EACH November sees the opening of television’s advert calendar, in which stores take turns to reveal which thirty-second clips they’ll be annoying you with between now and Christmas Day.

In recent years, these adverts have become increasingly sophisticated: some gifts, according to one shoutline, are more than just a gift. Indeed, the double-doors Christmas Eve of the advert calendar currently belongs to John Lewis: or as it might be better named, Elton John Lewis. This year, the chain has called in the services of said music legend, who has reportedly pocketed a cool £5 million out of the advert’s £10 million budget. Already seen ten million times on YouTube, the advert takes Elton back through his life, ending on a Christmas as a young boy when he was given a piano as a present (not that the piano he plays is actually available in store – though you can get a digital one for £872).

Over the past decade or so, Christmas adverts have grown in both budget and ambition. In the United States, the big advertising bonanza is historically based around the Super Bowl – the fight for slots is intense, with companies and advertising firms trying to outdo each other with their creative vision. We don’t have a Super Bowl equivalent here (or if we do, it’s on the BBC), which is why our focus is on the run up to Christmas. Instead of American Football, we have Nadine Dorries and the nether regions of a kangaroo.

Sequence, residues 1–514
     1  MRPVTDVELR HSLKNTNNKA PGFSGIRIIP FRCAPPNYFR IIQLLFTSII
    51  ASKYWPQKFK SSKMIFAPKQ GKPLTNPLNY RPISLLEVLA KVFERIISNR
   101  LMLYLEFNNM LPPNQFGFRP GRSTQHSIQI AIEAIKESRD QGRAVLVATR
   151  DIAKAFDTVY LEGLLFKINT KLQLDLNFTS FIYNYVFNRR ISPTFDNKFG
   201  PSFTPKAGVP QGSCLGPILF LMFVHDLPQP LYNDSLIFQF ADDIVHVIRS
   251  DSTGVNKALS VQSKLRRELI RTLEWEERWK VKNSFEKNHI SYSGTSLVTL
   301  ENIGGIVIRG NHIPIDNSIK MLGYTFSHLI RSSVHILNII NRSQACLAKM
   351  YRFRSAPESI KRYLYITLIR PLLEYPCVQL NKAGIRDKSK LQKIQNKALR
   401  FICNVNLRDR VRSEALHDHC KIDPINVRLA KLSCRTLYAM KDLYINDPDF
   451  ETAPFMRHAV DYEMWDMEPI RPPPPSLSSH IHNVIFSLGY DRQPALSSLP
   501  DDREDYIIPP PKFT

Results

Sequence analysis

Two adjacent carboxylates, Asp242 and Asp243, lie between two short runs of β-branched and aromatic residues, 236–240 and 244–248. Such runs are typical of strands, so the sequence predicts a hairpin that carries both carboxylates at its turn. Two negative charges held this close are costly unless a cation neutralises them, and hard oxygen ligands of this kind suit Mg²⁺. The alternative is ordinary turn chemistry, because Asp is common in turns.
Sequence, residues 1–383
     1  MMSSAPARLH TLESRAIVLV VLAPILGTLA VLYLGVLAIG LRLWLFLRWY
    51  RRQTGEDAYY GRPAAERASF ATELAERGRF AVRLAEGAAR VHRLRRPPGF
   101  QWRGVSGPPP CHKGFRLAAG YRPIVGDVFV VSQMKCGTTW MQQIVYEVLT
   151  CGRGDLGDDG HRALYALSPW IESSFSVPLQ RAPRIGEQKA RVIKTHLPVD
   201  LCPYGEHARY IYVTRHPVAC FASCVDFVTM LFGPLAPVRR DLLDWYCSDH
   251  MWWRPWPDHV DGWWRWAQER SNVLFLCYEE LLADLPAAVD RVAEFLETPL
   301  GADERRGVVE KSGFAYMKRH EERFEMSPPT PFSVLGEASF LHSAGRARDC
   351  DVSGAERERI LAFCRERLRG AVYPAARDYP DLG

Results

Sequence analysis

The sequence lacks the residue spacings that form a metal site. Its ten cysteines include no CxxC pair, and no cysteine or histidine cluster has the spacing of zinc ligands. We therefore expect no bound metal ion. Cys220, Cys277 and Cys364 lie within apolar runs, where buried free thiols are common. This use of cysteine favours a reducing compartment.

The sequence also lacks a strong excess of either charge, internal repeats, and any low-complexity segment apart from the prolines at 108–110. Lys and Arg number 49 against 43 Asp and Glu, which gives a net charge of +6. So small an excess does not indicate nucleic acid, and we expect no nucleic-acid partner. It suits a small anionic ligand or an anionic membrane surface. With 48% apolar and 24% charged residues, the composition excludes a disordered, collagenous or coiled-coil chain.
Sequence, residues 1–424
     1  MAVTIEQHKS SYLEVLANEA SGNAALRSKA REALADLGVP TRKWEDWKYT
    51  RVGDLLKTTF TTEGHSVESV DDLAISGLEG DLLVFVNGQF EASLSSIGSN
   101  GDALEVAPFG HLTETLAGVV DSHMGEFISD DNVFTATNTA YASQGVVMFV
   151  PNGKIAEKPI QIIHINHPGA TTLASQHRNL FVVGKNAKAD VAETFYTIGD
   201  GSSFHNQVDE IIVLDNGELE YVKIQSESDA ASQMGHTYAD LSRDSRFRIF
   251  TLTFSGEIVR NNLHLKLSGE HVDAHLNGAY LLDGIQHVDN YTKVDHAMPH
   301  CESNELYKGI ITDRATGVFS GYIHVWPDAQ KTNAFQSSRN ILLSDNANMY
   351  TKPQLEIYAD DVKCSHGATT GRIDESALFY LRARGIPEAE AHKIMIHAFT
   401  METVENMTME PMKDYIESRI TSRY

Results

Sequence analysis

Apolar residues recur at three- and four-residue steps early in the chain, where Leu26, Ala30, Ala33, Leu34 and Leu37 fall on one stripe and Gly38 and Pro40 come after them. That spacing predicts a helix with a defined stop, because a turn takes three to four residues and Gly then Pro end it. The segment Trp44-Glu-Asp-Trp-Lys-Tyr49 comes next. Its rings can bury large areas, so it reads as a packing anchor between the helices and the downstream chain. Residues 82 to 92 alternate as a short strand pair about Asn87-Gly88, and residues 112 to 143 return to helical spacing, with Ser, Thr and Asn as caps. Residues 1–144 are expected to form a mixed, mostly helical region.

It may seem as though they have been around forever, but the first John Lewis Christmas advert was actually only run in 2007. A decade on, and such is the ubiquity of its adverts that this year’s was parodied before it was released (by Radio X), and has since been trolled by both its rivals (‘It’s a Lidl bit cheaper…’ another supermarket plugged its keyboards) and even its friends (a Waitrose ad sees people fast-forwarding the advert to go off and eat stollen instead).

Welcome, then, to the imperial phase of Christmas adverts: once you’ve spent £10 million on an advert, where is left to go next? Already rival stores are responding with different approaches. Marks and Spencer spent their cinematic budget on buying extra slots for their much-cheaper advert instead. Iceland, meanwhile, cannily co-opted a Greenpeace advert about palm oil, which was promptly banned and shared on social media.

John Lewis, by contrast, have hit their classic seventies rock sweet spot: Elton John succeeding their previous advert about Bohemian Rhapsody. As any music fan knows, what happened next was punk rock.

Maybe we should enjoy their blockbuster adverts while we can: next year, it might be a case of Nevermind the Baubles instead.